Putting on your own “oxygen mask” first
Parents’ role in kids’ mental health
By Chloe Smith, Senior Program Officer, Children’s Health Fund
When it comes to addressing their children’s mental health, parents and caregivers must be able to put on their own “oxygen masks” first. Having their own needs addressed makes it easier to fully be there for their children. But during the pandemic, so many challenges have made it hard for parents to do this.
A study published in the journal Pediatrics in 2020 found that the pandemic had worsened the mental health of both children and parents, especially for families who had been impacted in multiple ways from stressors like financial strain and life-threatening illness. Often, these families are Black, brown, or living in under-resourced communities. These are the families served by our partner programs.
“I find that when parents are frequently struggling or overwhelmed and they don’t have supports — if their basic needs aren’t being met — it’s harder to start thinking about emotional and mental health needs.” — Dr. Adaobi Okobi, medical director of our partner program in Orlando, Florida
This is worsened by other barriers that make it difficult or nearly impossible to access mental healthcare, for both parents and children. Transportation, especially if families are living in rural communities or where public transport is inaccessible, can be a major hurdle. For undocumented families or those without health insurance, mental healthcare is simply unaffordable.
Dr. Okobi and her team have also observed other issues that impact whether children receive mental healthcare. At times, even as caregivers want the best for their children, receiving care may go against cultural norms. Similarly, in some families there are prevailing beliefs that younger generations are too sensitive or that, if older family members experienced hardships and got through them, younger children should be able to as well. This could stem from many things, including parents not having the language to address their own trauma, needing to focus on meeting their basic needs, or stigmas about mental health.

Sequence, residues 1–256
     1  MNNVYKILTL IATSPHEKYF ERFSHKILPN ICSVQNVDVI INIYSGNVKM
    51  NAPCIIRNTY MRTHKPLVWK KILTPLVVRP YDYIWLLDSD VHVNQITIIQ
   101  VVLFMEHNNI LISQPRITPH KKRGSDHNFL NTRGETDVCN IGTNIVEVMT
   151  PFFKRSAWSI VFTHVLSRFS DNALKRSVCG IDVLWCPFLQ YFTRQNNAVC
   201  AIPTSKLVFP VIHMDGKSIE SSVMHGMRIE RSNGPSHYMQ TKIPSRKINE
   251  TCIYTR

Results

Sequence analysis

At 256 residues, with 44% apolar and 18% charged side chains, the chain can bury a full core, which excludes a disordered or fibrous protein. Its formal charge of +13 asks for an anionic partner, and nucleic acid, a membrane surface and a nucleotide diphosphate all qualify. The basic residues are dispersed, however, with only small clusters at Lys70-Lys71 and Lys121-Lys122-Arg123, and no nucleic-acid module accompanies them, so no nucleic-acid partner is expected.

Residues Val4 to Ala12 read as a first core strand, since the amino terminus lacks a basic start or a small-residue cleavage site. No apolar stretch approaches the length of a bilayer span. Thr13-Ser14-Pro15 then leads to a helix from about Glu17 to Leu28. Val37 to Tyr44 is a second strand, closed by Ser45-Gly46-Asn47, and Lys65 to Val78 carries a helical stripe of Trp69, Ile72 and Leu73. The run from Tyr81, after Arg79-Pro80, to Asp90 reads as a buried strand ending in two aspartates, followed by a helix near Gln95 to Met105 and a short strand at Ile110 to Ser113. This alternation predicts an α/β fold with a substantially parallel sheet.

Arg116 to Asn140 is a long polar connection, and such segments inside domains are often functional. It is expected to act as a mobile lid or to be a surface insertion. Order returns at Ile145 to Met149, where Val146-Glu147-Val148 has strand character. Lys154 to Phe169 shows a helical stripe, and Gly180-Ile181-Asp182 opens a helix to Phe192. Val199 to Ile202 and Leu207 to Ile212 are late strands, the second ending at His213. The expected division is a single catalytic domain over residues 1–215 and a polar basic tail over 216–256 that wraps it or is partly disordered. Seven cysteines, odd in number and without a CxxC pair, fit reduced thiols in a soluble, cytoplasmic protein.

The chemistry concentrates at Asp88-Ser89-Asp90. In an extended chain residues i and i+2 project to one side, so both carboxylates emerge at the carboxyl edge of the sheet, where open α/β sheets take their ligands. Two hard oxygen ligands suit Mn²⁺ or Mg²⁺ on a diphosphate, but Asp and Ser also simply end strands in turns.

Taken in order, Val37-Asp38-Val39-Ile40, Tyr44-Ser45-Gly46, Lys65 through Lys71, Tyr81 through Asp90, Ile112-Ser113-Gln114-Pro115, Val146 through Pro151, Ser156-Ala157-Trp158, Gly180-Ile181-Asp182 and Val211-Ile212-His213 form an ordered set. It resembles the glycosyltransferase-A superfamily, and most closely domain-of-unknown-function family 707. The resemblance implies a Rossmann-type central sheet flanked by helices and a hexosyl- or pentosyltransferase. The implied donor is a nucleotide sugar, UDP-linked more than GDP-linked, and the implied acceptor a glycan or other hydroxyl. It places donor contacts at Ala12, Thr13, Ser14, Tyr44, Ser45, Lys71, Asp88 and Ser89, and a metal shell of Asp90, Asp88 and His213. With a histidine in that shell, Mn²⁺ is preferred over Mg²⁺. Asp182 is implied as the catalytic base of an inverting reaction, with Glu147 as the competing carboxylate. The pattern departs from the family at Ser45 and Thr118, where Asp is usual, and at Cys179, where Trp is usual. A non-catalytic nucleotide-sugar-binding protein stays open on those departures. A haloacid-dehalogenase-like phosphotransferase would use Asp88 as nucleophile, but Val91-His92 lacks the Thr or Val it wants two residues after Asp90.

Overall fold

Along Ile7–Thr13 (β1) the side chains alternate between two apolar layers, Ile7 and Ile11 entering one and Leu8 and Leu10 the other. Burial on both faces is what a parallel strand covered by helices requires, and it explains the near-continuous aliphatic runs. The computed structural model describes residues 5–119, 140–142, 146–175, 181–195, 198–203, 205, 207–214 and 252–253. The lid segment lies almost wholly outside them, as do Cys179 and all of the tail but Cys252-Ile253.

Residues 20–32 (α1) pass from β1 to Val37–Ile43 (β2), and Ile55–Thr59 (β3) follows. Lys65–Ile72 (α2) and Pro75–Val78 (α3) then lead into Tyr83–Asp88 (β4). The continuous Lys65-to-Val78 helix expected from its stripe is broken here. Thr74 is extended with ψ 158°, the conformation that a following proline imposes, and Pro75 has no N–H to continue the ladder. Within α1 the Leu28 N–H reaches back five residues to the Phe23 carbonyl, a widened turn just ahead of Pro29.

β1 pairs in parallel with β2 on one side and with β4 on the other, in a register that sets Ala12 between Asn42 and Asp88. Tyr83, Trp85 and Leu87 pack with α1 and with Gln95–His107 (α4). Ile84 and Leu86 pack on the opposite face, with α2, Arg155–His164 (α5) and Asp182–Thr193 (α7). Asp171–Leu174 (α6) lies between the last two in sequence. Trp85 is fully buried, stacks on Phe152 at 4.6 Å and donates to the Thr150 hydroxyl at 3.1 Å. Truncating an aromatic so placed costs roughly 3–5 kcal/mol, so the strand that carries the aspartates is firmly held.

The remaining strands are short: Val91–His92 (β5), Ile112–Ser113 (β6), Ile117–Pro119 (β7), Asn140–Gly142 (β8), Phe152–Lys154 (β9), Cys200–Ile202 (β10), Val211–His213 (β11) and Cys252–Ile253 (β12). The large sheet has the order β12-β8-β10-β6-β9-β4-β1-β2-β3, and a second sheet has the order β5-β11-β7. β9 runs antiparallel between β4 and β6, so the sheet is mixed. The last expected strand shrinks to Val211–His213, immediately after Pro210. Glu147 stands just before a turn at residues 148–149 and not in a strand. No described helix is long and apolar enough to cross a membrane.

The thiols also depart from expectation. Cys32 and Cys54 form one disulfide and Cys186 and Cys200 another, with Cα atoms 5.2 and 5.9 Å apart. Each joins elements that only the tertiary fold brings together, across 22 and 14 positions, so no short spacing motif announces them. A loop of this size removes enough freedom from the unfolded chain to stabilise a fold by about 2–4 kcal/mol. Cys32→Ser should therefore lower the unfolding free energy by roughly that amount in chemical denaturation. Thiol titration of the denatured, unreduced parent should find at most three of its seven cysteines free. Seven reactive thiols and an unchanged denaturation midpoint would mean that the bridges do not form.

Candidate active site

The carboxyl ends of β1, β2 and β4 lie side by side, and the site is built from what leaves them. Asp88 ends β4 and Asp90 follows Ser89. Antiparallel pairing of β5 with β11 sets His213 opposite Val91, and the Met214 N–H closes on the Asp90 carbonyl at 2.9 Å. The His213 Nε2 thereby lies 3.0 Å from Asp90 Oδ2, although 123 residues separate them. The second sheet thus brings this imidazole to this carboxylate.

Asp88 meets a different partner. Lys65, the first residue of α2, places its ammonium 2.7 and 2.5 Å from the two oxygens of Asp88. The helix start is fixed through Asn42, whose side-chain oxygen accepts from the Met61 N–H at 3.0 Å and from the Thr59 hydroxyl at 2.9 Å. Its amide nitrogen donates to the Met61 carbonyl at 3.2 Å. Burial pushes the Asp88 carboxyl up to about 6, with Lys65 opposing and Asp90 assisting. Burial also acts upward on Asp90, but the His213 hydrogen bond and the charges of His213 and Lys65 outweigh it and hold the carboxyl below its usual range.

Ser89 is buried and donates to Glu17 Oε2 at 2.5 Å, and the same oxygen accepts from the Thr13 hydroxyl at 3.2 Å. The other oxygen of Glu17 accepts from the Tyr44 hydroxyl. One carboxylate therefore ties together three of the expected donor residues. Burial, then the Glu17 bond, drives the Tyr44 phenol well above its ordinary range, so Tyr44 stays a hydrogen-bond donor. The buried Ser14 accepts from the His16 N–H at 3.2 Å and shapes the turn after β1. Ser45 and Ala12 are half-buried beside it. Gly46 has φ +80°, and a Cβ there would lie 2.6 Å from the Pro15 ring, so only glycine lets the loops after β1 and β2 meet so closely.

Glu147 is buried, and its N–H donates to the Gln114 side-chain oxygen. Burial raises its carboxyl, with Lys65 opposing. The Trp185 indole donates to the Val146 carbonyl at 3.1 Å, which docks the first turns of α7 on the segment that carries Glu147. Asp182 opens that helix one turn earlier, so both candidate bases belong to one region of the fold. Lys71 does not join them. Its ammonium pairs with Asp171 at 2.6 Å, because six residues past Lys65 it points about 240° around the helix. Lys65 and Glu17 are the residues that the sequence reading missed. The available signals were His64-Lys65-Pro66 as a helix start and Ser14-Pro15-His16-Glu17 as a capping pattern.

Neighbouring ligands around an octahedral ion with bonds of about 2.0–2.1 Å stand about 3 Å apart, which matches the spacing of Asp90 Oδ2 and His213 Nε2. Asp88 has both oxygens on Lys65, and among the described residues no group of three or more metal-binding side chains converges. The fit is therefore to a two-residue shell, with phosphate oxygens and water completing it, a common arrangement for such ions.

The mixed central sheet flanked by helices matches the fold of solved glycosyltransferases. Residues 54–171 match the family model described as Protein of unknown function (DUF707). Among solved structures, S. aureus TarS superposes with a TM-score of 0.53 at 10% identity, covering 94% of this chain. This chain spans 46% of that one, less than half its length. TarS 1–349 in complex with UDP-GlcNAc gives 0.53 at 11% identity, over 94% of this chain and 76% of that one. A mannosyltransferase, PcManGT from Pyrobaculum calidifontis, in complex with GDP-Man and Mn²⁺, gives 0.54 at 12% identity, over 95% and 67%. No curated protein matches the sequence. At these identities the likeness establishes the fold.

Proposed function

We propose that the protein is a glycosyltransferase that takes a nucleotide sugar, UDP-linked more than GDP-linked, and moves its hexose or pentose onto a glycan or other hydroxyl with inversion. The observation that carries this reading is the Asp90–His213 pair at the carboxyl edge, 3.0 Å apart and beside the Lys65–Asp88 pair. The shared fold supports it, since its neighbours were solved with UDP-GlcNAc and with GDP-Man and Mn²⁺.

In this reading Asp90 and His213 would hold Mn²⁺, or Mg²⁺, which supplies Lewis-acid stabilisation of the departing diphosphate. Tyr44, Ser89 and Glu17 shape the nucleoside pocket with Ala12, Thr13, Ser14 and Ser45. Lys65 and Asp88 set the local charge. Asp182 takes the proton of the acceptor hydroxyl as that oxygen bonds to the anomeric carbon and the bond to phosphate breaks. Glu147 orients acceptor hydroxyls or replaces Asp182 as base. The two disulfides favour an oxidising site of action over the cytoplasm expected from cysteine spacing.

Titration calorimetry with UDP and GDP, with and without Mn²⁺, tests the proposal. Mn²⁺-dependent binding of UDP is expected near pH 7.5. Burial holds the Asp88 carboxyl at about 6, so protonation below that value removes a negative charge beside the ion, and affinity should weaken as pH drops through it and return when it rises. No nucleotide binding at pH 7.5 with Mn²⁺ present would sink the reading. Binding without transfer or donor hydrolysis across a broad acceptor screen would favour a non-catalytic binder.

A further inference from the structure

Being open to sharing personal experiences publicly and on social media is increasingly common among youth, but this openness can feel dangerous for communities that have been harmed by systems of authority, such as undocumented families. Adding to all of this, some children may not feel comfortable discussing their concerns for fear of their caregivers feeling guilty, helpless, or sad.
While these dynamics can prevent some children from receiving the care they need, supportive parents can make a huge difference in their children’s mental health. Dr. Okobi recalls one patient served by her team: a young pre-teen experiencing depression. With the full support of her father, she began receiving therapy and disclosed that she had been sexually abused multiple times in the past and was having thoughts of suicide. The support and concern of her family and our partner providers gave her access to an environment where she felt comfortable to disclose what had happened to her and an opportunity to receive the healing care she deserves.
Through primary care, mental health counseling, and special mental health programs, our partner programs continue to respond to the mental health needs of children. As trusted first-responders, they provide care and counsel that is sensitive to families’ cultures and the multiple things that impact their health, including crises like the pandemic and ongoing structural injustices such as racism and xenophobia. We will continue to support their on-the-ground work strengthening children’s wellbeing in all areas of their lives.